Dassault has also been investing in its footprint in India – part of an offset requirement of the Rafale deal – including a production hangar in Nagpur to make engine doors for the Rafale as well as assemble Falcon 2000s. Trappier also expects to develop “an active supply chain” in the country. Additionally, the company has been improving its Falcon support network, last year acquiring ExecuJet’s global MRO network from owner Luxaviation, alongside TAG Aviation’s European facilities.
Trappier says the move to bring more of the aftersales service in-house was partly a response to what competitors have been doing, particularly Gulfstream, whose parent General Dynamics owns Jet Aviation. “Some of our MRO was being done by Jet, so we felt we had to do something and get a better network worldwide to understand the market. It does not mean that we won’t still use approved third-party centres, including Jet, but this will be better for us,” he says. “Our mistake is that we should have done it before.”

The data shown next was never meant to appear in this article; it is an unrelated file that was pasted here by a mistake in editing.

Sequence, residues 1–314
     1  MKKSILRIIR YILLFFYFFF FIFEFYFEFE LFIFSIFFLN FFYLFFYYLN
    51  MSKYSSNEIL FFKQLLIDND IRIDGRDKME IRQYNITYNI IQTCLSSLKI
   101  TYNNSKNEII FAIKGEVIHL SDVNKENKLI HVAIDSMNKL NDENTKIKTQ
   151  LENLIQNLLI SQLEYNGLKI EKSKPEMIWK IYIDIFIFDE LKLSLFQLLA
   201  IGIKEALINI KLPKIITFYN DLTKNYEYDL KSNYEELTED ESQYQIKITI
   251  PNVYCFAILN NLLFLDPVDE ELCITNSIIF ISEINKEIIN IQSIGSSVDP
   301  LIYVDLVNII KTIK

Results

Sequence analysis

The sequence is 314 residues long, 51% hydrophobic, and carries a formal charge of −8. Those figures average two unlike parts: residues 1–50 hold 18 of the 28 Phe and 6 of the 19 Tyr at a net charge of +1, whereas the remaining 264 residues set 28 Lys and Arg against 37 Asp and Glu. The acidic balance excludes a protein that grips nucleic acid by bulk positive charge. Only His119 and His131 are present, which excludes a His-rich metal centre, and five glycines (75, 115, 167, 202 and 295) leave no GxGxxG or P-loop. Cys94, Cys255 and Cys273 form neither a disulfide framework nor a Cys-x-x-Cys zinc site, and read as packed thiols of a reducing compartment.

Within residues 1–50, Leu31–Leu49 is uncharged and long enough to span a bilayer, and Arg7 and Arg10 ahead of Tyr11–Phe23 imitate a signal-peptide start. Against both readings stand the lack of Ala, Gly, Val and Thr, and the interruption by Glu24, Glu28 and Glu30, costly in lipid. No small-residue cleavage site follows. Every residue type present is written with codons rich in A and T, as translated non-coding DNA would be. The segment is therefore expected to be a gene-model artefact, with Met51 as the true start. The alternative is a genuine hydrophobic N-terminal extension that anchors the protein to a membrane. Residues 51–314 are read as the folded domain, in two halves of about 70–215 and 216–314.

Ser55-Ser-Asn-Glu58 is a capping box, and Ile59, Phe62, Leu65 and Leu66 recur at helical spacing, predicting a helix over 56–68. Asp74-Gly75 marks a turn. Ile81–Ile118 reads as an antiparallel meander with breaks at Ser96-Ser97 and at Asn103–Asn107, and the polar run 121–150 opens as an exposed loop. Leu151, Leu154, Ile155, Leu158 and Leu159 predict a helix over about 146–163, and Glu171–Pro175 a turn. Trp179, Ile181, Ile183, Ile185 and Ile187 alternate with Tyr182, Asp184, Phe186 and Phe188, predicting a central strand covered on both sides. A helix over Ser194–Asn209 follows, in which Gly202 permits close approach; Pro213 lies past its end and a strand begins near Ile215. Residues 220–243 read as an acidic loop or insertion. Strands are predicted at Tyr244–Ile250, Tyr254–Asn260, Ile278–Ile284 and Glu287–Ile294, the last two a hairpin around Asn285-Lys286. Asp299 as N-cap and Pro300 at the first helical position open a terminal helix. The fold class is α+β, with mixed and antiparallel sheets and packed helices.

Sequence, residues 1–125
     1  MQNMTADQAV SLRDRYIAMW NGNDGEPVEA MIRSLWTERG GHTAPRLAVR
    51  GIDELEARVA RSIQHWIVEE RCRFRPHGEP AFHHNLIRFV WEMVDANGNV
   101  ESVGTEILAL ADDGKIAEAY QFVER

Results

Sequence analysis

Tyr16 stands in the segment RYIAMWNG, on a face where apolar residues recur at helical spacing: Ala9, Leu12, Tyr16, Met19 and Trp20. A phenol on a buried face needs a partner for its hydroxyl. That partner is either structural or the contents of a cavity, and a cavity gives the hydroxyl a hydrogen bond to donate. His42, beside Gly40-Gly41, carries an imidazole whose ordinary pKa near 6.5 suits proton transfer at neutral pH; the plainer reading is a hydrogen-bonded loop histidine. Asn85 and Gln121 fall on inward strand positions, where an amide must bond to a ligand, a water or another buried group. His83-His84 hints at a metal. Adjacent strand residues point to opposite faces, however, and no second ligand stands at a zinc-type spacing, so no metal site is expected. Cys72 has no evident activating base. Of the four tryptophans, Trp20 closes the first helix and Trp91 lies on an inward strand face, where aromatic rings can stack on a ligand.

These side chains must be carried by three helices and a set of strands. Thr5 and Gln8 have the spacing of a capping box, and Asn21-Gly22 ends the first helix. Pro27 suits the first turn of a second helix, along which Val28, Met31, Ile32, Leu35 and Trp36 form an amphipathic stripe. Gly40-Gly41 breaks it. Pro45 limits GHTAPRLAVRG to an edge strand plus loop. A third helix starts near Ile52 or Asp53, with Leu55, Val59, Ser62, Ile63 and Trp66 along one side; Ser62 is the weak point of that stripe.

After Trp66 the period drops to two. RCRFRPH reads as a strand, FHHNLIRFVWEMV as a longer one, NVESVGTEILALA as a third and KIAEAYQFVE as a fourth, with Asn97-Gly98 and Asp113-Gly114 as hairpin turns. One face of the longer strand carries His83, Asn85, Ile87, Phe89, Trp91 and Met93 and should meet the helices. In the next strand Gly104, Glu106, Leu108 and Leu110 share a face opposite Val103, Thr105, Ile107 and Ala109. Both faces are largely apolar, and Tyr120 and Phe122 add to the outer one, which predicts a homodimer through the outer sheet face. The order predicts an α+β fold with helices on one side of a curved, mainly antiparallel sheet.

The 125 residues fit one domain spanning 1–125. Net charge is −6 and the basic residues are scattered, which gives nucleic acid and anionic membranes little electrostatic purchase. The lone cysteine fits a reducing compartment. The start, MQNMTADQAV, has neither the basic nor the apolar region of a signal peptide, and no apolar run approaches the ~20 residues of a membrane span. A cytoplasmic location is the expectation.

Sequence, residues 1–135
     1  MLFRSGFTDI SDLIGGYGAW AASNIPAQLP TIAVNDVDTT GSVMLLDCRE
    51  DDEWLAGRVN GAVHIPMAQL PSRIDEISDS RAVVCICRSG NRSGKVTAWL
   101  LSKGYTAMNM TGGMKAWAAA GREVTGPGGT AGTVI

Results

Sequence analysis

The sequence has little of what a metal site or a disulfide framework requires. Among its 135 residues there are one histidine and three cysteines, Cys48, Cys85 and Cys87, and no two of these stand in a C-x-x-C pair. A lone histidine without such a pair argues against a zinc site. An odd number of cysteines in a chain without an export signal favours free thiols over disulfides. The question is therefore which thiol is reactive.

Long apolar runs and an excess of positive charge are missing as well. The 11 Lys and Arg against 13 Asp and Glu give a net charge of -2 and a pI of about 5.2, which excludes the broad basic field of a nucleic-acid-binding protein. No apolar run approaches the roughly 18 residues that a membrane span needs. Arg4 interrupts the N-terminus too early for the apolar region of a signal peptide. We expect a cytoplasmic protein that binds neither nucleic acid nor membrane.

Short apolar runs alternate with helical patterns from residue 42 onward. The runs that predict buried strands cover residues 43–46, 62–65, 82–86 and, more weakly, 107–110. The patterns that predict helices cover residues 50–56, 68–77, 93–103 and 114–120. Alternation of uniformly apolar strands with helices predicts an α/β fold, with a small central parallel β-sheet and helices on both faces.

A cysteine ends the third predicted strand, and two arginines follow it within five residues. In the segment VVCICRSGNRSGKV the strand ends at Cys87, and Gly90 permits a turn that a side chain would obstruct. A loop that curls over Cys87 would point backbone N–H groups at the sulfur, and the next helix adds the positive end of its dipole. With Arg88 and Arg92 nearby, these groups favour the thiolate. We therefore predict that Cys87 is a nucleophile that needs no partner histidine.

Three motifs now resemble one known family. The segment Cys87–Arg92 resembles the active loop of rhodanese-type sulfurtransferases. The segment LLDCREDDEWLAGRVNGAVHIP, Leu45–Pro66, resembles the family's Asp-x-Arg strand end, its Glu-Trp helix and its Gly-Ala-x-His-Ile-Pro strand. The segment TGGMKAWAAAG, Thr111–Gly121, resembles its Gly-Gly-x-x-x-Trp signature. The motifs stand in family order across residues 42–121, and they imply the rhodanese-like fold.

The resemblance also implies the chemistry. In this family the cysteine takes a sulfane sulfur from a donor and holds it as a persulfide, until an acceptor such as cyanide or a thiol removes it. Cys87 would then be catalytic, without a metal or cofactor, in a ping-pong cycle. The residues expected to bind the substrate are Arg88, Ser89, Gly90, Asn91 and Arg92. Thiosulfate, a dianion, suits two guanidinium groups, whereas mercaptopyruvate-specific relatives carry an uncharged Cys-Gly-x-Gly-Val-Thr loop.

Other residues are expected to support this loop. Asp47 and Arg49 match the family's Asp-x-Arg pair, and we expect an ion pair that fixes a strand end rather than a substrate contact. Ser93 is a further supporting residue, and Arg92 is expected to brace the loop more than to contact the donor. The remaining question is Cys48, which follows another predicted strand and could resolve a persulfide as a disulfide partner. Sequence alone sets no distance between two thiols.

Trappier’s list of potential market headwinds range from the effect of coronavirus on business travel to the impact of Brexit on doing trade in Europe. It includes trade disputes and environmental protests. However, reflecting on the troubles of one of his competitors, being forced to divest most of its business to remain as a purely business jet manufacturer, he notes: “I would rather be doing this job than being chief executive of Bombardier.”